Residents have been lamenting the activities of child beggars in many parts of Lagos State.
Our correspondent who monitored their activities in some parts of the metropolis on Monday and Tuesday reported that the child beggars were fast becoming a menace in areas such as Okokomaiko, Agege, LASU-Iyana Iba, Alaba Rago, Oshodi, Berger, Seven-Up and Ikeja among others.
Reports shows that in some instances, the child beggars whose ages range between six and 15 years, ran after passers-by and harass them to ensure that they parted with money.
A passerby, who identified himself simply as Stephen, told our correspondent in Okokomaiko that the beggars were gradually becoming security threats as some of them also stole from their targets.
“It is not only that these child beggars stain people’s clothes, sometimes they could steal people’s phones. One needs to be careful when dealing with them. Not all of these beggars have good intentions,” Stephen said.
Our correspondent, who engaged a beggar through an interpreter on why her children were not in school, was told that the children’s father remained in the Northern part of the country.
“The children’s father is in the North and the girl, who is the elder sister to the boy, will go back to the North for her education later,” the woman who did not disclose her name said.
Our correspondent reports that child beggars are always clustered in filthy environments capable of breeding epidemics.
At Ikeja, our correspondent saw the child beggars roaming around under the bridge and around the Aviation Building axis.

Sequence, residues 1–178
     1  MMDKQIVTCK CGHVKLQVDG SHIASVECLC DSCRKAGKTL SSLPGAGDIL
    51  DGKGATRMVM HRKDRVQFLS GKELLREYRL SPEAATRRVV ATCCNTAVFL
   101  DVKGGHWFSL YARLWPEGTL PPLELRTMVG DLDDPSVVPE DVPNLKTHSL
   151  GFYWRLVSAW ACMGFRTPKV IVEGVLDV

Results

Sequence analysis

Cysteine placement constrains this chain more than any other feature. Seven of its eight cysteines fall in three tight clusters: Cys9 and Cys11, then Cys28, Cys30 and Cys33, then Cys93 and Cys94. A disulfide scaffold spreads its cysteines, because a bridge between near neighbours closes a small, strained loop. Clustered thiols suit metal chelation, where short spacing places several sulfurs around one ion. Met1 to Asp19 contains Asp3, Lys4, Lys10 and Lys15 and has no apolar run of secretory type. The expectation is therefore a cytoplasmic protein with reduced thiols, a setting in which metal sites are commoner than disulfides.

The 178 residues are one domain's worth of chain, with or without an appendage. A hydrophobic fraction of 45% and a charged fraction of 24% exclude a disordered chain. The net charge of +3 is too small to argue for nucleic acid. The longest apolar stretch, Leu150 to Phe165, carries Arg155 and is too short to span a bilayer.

A resident, simply identified as Kehinde, who uses the pedestrian bridge located around Motor Ways close to the Old Toll Gate, also told our correspondent about her daily experience in the hands of the child beggars on the bridge.
“There are usually about 50 beggars around and on the pedestrian bridge. These beggars are always in queue like a gathering of soldier ants,” she said.
Another resident, Ayomide, recalled his experience in the hands of the street beggars who operated in Ogba.
“When approaching where I usually join Ogba bus in Agege, the child beggars would cluster around me, attempting to dip their hands in my pockets and I usually find it difficult beating them,” he said.
Apart from child beggars, our correspondent also noticed nursing mothers who went around begging for alms with their babies.
Several attempts made to get the reaction of the Director, Public Affairs Unit in the state Ministry of Youth and Social Development, Mrs Adeola Olabisi, did not yield results as of the time of filing this report.
When contacted on the telephone, Olabisi asked our correspondent to send her a message.
She had yet to respond to the message sent as of press time on Thursday.